Spinmeisters and Demagogues, Start Your Engines

Thursday, June 29, 2006

Spinmeisters and Demagogues, Start Your Engines

I'm going to read the Supreme Court's decision in the Hamdan case over the coming days. Reading through the syllabus, however, I can already see that it's got lots of very difficult and esoteric legal issues, which means it's ripe for being misrepresented and misunderstood. I expect the president's apologists to be out there saying that the Supreme Court has ceded U.S. sovereignty to the U.N., for example.

For now, there are two points that seem interesting. I'm sure more will become apparent on a thorough reading.

First is the holding that the military commissions violate the Geneva Conventions. This is a dramatic thing to say, from a symbolic perspective, but it is less important as a legal matter. Americans care less about international law than do the citizens of almost any other country. But the Geneva Conventions still have a powerful significance to most of us. These were signed after World War II in response to the utter evil that was practiced in that war. Saying that we're violating them symbolically compares us to the Nazis. That's not what the Supreme Court is saying, of course, and it's not logically true that any Geneva Convention violation equates to Nazi-level criminality. But the symbolism is powerful.

The thing that's going to be misrepresented, though, is how international law is applied by U.S. courts. The rule is that international law is functionally the same as a federal statute (putting aside some technical questions like the self-executing nature of a treaty). That means that the courts will apply international law--but it also means that Congress can pass a statute and override international law. That is, the Supreme Court can say, "The United States is violating its international law obligations by doing _______, but since the statute says to do ______, there's nothing we can or will do about it." This is different, obviously, from a constitutional provision, where the Court will say, "The statute says to do ______, but since the Constitution says the government can't do _______, we will strike down the statute."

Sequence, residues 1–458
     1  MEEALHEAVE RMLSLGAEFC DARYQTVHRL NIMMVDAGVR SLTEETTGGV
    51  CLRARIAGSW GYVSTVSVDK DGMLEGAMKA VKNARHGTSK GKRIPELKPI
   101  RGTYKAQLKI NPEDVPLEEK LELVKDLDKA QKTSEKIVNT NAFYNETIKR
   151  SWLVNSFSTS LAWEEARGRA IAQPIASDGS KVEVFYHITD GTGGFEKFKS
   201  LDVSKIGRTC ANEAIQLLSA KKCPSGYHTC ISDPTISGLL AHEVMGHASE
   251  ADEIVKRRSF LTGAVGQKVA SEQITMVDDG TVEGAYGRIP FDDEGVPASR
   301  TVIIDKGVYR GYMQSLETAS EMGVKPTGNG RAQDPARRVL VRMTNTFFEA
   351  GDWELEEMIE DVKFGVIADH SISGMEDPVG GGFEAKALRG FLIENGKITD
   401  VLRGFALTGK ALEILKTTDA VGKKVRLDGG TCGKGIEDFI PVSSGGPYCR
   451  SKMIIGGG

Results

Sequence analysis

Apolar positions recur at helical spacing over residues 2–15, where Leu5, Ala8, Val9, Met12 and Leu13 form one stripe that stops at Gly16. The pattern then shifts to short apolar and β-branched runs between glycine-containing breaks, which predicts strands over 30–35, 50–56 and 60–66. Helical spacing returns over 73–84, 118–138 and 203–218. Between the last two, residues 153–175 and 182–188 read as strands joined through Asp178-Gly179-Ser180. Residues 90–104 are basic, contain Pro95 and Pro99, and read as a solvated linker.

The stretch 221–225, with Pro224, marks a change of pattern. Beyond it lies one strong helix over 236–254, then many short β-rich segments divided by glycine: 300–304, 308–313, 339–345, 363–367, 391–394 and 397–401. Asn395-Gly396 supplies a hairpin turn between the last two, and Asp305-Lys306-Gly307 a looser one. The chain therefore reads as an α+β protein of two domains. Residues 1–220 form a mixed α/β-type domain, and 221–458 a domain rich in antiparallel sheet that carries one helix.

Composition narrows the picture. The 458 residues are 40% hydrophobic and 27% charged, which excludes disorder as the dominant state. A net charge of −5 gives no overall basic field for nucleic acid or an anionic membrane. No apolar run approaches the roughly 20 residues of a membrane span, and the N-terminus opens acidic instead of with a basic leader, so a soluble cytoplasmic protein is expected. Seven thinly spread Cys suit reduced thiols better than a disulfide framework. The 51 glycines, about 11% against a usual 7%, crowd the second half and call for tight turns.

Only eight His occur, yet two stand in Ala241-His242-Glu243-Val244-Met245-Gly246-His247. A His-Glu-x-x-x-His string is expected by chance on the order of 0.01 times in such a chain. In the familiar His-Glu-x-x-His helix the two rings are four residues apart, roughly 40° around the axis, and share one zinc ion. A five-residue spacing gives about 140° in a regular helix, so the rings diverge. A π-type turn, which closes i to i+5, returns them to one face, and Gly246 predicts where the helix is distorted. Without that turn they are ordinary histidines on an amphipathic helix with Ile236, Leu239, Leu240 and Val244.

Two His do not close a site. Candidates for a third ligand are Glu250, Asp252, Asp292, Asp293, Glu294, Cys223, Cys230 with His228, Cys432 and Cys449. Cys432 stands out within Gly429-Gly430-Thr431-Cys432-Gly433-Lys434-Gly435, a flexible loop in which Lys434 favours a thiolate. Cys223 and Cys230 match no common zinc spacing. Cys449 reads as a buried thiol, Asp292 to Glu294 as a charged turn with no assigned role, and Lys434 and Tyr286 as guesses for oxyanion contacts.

Invoking the Geneva Conventions doesn't mean the Court is saying that Congress and the president can't have military commissions like this; it is saying that the president can't do this on his own without having a statute that authorizes this sort of military commission. If Congress amended the Uniform Code of Military Justice to permit these commissions, then (presumably) the courts wouldn't (shouldn't) put a halt to the commissions just because they violate the Geneva Conventions. The Supreme Court would be on record as saying that the actions the U.S. was taking were illegal under international law. but they wouldn't do anything about it.

Which leads to...

Second, the greatest legal significance of this decision may be very much overlooked in most of the media coverage and debate. Does anyone recall the discussion during Alito's confirmation hearings about the "unitary executive?" Even when a GOP-controlled Congress was solidly behind him and he had great public support, President Bush has insisted that the Executive has the authority to do all kinds of things without getting authorization from Congress. His legal brain trust, people like Alberto Gonzales and John Yoo, spun theories that said the president could do whatever he wanted in the field of defense and foreign affairs: a staute couldn't stop him from torturing people, and he didn't need a statute to authorize almost any of his actions. This has turned up in all sorts of contexts, for instance the illegal wiretaps.

What today's decision means is that the Supreme Court doesn't buy the Gonzales-Yoo line (though Alito--surprise--dissented). Quaint notions like the separation of powers still matter. This is fundamental to our form of government and to the liberty of each of us. So it's not just about foreigners, or a bunch of guys in a small corner of Cuba.

My quick skimming suggests to me that Bush could actually still create military commissions like the ones he tried to put into place this time--but he'll have to ask Congress to pass a law allowing him to do it. That's terrifically important as a principle, but it will also make for some fascinating politics. Gitmo is becoming more and more of an albatross. Will Bush want to ask Congress to effectively overrule the Supreme Court--and to enact a statute that our highest court has said violates the Geneva Conventions? If he does, will the Senate go along with it? Besides Arlen Specter, will enough GOP senators step out of line to defeat what Bush asks for? If not, will the Democrats have the spine to filibuster? As I say, it could be fascinating.

But, first, I pity those of you living in the U.S., because you're going to have to live through a lot of black-helicopter rantings from the usual suspects before everyone calms down and we get down to talking about what really matters in this decision.

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